By: Lauren Markham | theguardian.com | 21 April 2022
‘A disaster waiting to happen’: who was really responsible for the fire at Moria refugee camp?
About 11pm on the night of 8 September 2020, residents of the Moria refugee camp on the Greek island of Lesbos were roused from sleep by the smell of smoke and the sound of urgent voices. Sedique, a 16-year-old from Afghanistan, remembers her neighbours bellowing: “Run, run, run!” She poked her head outside her tent and saw fire burning below them on the hillside a few hundred metres away. Along with her parents and two younger siblings, she gathered documents, grabbed an armful of clothing and ran.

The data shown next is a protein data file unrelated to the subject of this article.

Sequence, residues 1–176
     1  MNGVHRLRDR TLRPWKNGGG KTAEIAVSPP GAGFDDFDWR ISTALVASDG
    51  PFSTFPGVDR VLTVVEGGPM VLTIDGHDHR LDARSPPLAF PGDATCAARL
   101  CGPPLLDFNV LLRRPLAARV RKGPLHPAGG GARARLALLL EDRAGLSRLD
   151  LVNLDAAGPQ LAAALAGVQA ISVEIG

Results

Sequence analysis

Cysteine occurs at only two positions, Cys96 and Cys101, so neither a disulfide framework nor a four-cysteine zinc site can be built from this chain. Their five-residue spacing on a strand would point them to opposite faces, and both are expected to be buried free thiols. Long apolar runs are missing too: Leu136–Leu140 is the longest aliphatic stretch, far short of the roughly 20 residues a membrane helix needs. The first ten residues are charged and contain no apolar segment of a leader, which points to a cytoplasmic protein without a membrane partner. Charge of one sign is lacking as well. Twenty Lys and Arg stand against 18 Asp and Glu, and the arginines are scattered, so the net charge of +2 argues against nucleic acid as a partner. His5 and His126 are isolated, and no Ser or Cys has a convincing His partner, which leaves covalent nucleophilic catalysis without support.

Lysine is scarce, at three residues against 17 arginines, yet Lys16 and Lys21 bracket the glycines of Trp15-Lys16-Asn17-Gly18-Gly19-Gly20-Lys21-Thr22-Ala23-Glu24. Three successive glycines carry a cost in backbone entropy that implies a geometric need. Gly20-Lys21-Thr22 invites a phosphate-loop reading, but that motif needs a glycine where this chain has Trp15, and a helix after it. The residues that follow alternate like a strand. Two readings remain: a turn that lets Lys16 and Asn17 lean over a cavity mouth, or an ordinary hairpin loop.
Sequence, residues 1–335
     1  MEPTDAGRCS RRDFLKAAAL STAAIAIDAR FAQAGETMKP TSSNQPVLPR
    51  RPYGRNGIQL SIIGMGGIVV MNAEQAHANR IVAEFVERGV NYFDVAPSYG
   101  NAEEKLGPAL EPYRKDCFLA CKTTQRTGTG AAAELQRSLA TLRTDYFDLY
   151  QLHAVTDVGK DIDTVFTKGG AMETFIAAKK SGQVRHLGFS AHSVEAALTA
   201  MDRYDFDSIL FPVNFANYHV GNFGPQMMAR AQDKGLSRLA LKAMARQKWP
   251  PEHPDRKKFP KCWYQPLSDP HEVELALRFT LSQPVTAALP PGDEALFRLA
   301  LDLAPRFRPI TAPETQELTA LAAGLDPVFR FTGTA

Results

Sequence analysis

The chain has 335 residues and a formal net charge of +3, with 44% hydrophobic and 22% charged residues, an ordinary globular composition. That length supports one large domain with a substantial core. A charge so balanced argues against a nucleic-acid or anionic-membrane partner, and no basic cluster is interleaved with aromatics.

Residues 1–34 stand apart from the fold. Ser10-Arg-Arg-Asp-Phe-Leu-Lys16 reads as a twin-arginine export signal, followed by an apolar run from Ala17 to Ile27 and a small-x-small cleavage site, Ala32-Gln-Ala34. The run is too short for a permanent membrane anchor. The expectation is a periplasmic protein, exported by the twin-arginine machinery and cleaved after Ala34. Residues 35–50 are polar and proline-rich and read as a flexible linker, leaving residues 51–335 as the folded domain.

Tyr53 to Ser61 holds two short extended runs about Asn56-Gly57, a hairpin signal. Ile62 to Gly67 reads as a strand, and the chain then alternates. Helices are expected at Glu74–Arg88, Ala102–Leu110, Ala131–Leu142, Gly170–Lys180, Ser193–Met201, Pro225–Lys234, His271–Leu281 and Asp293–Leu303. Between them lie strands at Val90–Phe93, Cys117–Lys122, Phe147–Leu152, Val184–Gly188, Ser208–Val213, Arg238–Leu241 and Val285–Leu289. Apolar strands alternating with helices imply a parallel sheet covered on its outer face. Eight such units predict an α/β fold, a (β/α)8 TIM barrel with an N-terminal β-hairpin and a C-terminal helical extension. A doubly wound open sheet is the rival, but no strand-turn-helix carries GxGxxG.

The first blaze had caught hold in the official camp, then spread among the clusters of tents outside its walls. At that time, an estimated 12,000 people were living in Moria, most of them in tents packed together so tightly on the steep hillsides above the main camp that there was barely room to walk between them. The flames leaped from one makeshift shelter to the next, making easy work of the plastic tarps and rickety shacks. The olive trees, too, caught fire. Embers blown on the wind caught on people’s shirts and headscarves, and on the trees and brittle grasses, as rats skittered about.
Throughout the camp, walls of flame and thick smoke blocked the pathways and made it difficult to breathe. By midnight, the sky glowed orange. The road below the camp filled with people heading towards the safety of the city of Mytilene, six miles south. Sedique’s family joined the procession, but the police had set up a blockade about a mile before the turnoff to Mytilene.
“Behind us was fire,” one refugee told me later, “and in front of us were police.”